WASHINGTON, Dec. 11 (UPI) -- Software giant Microsoft is advising users of its Internet Explorer browser to turn their security settings to the highest levels to guard against a newly discovered flaw that enables hackers to take over the computer of anyone visiting a compromised Web site.
Such "drive-by downloads" are especially dangerous because malicious software is loaded as soon as the victim computer arrives at the site, without the user having to take any additional action, such as clicking on a pop-up window. Hackers can even load exploits into fake banner advertisements on innocent Web sites, if they can get access to the server that hosts them.
A security advisory from Microsoft said its researchers were "actively investigating the vulnerability," which had not been widely exploited by hackers so far. "On completion of this investigation, Microsoft will take the appropriate action to protect our customers."
"At this time, we are aware only of limited attacks that attempt to use this vulnerability," reads the advisory, adding that "they are not successful against customers who have applied the workarounds listed."
Customers are warned to turn the security-level setting on Internet Explorer to high, or to take other actions to prevent Explorer running Web scripts automatically. Such scripts animate banner ads or other moving pictures and interactive features, and disabling them interferes with viewing and using sites that use them.
"Setting the level to high may cause some Web sites to work incorrectly," notes the Microsoft advisory.
Millions of users of Internet Explorer, including those working for Fortune 500 companies and the U.S. government, are vulnerable to attack by hackers exploiting the vulnerability, which, depending on the way the exploit software is written, can download a variety of malicious payloads on to the affected computer.
Trojan attacks like those enabled by this latest vulnerability are a major way that home and corporate or government computers are recruited into so-called bot-nets, or robot networks of slave computers that, unbeknownst to their users, are being used to send spam or take part in cyberattacks.
Trojans also can be used to steal logins and passwords, and that was what the small number of exploits seen so far are designed to do.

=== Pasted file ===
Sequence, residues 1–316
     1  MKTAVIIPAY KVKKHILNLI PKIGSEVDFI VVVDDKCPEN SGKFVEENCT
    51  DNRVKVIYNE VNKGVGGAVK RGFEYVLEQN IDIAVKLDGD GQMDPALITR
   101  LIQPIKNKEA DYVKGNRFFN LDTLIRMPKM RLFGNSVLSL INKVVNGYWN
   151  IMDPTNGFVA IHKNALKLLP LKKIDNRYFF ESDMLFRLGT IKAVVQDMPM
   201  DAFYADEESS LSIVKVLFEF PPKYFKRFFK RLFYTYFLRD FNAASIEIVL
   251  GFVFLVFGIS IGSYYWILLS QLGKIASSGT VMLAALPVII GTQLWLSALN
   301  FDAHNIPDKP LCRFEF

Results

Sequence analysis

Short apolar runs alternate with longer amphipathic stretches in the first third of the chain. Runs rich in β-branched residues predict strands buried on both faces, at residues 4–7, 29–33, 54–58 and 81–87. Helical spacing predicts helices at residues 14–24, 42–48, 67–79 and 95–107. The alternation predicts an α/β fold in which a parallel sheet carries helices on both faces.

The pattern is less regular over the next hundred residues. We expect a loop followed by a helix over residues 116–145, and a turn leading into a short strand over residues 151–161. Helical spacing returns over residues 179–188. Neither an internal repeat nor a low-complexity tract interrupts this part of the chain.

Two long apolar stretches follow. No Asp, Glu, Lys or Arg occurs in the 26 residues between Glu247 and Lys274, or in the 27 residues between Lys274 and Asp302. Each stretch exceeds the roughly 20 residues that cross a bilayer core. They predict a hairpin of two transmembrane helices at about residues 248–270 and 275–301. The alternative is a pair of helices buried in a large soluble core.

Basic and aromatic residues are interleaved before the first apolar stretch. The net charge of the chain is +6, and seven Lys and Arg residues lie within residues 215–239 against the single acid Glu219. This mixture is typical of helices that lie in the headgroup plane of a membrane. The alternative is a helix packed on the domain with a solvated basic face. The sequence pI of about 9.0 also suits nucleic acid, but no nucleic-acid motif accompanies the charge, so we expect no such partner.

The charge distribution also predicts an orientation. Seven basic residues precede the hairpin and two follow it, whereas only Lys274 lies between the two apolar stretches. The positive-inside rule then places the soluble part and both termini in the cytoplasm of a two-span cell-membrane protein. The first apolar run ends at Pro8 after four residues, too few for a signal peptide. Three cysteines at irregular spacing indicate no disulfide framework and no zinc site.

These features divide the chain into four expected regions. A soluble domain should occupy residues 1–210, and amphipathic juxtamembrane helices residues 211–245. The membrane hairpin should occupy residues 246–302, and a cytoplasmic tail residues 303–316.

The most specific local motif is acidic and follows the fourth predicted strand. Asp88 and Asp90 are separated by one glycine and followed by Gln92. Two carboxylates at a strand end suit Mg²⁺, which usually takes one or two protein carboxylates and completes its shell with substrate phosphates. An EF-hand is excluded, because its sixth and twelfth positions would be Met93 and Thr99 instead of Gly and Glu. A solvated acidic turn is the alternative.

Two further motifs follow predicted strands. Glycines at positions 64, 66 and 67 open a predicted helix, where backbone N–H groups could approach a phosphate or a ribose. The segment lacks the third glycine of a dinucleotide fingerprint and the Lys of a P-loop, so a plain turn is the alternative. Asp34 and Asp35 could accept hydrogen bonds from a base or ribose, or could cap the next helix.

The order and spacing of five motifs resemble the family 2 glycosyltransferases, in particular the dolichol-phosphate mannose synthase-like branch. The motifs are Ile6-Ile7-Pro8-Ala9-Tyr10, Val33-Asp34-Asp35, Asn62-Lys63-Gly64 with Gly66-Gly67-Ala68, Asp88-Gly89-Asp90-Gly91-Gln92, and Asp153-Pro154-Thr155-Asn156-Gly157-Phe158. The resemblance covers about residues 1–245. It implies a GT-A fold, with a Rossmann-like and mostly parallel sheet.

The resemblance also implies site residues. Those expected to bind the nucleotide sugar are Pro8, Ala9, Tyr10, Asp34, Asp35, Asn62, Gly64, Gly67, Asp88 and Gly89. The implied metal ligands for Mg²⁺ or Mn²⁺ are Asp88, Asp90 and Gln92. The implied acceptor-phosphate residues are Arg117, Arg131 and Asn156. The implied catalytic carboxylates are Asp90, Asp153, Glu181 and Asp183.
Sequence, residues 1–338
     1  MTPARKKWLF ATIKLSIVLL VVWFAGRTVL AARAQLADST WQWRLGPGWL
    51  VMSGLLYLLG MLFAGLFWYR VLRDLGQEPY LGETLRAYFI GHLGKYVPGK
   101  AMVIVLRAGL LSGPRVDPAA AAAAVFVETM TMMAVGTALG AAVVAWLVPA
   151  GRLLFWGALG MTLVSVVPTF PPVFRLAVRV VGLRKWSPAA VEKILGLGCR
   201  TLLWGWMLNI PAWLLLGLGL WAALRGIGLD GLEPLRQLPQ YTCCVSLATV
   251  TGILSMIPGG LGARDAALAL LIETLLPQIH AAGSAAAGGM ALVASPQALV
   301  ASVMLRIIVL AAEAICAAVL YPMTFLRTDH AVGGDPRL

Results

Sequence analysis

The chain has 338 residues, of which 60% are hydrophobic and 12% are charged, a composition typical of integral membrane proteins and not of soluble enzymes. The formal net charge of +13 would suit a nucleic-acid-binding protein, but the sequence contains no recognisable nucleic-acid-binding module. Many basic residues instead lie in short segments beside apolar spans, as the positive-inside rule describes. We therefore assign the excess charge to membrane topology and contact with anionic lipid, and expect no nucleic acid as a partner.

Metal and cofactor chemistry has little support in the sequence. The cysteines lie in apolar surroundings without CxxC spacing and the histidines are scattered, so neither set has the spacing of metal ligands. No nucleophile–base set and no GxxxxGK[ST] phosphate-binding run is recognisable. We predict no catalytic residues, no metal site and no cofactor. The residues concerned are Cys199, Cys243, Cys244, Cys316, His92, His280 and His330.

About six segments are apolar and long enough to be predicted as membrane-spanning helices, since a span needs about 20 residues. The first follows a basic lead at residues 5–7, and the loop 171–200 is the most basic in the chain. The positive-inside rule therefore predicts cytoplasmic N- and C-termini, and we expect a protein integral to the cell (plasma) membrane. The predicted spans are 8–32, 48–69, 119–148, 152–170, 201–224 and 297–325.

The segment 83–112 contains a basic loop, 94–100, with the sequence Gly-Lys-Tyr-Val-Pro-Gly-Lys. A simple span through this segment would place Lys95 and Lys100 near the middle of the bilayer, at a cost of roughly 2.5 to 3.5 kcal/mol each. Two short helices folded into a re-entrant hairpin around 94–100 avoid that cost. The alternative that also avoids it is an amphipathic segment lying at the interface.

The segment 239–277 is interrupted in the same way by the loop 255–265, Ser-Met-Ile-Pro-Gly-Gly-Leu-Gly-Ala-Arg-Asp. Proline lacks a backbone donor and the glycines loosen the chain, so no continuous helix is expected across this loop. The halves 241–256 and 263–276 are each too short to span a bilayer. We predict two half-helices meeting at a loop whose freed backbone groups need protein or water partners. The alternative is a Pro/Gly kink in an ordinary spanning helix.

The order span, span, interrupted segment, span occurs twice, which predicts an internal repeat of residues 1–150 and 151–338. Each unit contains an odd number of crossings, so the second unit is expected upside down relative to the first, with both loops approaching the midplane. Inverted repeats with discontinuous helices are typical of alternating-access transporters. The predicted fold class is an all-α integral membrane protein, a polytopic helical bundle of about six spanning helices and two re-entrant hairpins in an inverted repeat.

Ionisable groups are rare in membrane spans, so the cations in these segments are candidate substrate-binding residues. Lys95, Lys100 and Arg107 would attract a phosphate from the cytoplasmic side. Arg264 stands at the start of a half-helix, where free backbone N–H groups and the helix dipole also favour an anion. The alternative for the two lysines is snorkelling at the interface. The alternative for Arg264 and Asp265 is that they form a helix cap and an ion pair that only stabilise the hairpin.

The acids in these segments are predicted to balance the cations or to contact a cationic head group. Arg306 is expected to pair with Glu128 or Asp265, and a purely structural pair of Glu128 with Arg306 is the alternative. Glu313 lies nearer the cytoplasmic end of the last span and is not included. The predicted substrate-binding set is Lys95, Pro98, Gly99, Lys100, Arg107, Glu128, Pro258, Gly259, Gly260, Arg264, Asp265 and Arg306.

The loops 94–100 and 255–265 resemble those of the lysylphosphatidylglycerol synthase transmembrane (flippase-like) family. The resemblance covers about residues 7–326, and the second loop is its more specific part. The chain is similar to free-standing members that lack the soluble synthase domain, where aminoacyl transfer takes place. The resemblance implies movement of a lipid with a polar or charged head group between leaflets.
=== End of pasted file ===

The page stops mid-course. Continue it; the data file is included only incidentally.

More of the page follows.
Internet security intelligence research outfit iDefense said the vulnerability was accidentally disclosed by a Chinese security research firm called Knownsec. The firm disclosed the leak in a Chinese-language Web posting earlier this month. The posting said the researcher responsible wrongly believed the vulnerability had already been patched by Microsoft. Patches are updates to software that are automatically distributed by vendors to all their customers, who can then download and install them to protect their computers from the latest known threats.
Newly discovered security flaws like the one acknowledged Wednesday by Microsoft are called Zero-Day vulnerabilities and are especially prized by hackers, because even a fully patched system can be infected by a malicious software package.
iDefense said after this vulnerability leaked, it was sold for about $15,000 and then used to create a Trojan horse malicious software program designed to steal the logins and passwords of Chinese war-gamers playing in online virtual worlds like World of Warcraft.
"The four versions of the exploit we've seen so far are designed to steal Chinese gamer credentials," said Richard Howard, iDefense director of intelligence, "but the exploit is so juicy, we expect to see it spread fast."
He said the workarounds advised by Microsoft were effective against the versions seen so far, but there are ways of exploiting the new vulnerability that would not be prevented by blocking scripts.
"This is going to be a lasting threat until Microsoft gets it patched," he said. "Home users could switch to alternate browsers and be safe," he said. But corporate or government users would "have a harder time with that," at least "in the short term."
Non-Microsoft Web browsers like Firefox, Opera or Safari are considered to be more secure by some experts, if only because so much more malicious software is written to exploit Internet Explorer, which dominates the browser market.
Microsoft spokesman Christopher Budd said in a statement that, if necessary, the company would issue a special "out of cycle" patch for the vulnerability, "depending on customer needs." Generally Microsoft issues updates to all its software on the second Tuesday of every month, but periodically the company issues special patches, usually to deal with a newly discovered flaw like this one.